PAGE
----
US Economy and Credit Markets Ended March 2, 2018
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Investors fled into bonds on Thursday last week, as President Donald Trump announced plans to institute import tariffs on steel and aluminum of 25% and 10% respectively. U.S. Treasurys quickly reversed those gains on Friday as traders and strategists expressed worries about rising prices and inflation. The ISM Manufacturing Index rose to the highest level since 2004, coming in at 60.8 in February, well above the consensus expected 58.7. Generally speaking, levels higher than 50 signal expansion, while levels below 50 signal contraction. Federal Reserve Chairman Jerome Powell spent two days testifying before Congress last week, where he offered an upbeat view of the U.S. economy. In December, Fed officials projected that there would be three interest rate increases in 2018, but Chairman Powell's comments signaled that more hikes may be considered if the economy continued to expand. As a result, markets seem to be pricing in the possibility of four rate hikes in 2018. Major economic reports (related consensus forecasts, prior data) for the upcoming week include: Tuesday: January Final Durable Goods Orders (N/A, -3.7%), Factory Orders (-1.2%, 1.7%); Wednesday: March 2 MBA Mortgage Applications (N/A, 2.7%), February ADP Employment Change (195k, 234k), January Trade Balance (-$55.0b, -$53.1b); Thursday: March 3 Initial Jobless Claims (220k, 210k); Friday: February Change in Nonfarm Payrolls (200k, 200k), February Unemployment Rate (4.0%, 4.1%), January Final Wholesale Inventories MoM (0.7%, 0.7%).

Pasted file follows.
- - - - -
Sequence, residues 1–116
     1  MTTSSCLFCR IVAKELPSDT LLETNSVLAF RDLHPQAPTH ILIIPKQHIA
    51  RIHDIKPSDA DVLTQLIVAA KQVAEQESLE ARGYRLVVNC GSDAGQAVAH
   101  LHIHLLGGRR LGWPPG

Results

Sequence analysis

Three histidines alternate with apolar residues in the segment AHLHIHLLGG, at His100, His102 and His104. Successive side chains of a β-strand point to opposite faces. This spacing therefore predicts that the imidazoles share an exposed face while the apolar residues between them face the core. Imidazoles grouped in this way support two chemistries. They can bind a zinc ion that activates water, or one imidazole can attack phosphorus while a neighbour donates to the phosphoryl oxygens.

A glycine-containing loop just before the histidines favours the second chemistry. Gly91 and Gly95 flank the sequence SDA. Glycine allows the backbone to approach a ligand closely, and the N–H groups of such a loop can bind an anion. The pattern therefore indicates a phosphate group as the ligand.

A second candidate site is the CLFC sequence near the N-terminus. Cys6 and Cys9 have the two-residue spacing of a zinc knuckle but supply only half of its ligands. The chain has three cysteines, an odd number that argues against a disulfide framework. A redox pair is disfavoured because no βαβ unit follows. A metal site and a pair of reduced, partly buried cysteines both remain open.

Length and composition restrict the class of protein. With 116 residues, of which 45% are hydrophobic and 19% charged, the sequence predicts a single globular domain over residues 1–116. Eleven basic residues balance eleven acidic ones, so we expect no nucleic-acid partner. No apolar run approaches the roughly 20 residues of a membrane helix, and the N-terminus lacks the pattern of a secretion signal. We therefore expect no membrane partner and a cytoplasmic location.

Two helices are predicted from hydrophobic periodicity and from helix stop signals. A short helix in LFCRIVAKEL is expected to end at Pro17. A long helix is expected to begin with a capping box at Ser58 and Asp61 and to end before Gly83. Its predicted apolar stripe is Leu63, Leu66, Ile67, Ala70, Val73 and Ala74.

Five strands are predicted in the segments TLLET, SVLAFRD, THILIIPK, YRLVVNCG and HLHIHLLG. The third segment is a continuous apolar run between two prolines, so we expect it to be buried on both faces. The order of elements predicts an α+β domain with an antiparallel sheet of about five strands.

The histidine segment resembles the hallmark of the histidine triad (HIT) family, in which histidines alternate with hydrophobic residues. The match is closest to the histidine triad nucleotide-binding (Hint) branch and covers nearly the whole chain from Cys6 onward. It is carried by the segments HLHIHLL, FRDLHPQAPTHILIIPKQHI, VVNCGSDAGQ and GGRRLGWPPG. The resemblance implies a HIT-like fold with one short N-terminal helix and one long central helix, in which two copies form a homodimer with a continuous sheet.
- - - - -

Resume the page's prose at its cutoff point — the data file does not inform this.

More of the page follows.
Posted on Monday, March 5, 2018 @ 8:11 AM

These posts were prepared by First Trust Advisors L.P., and reflect the current opinion of the authors. They are based upon sources and data believed to be accurate and reliable. Opinions and forward looking statements expressed are subject to change without notice. This information does not constitute a solicitation or an offer to buy or sell any security.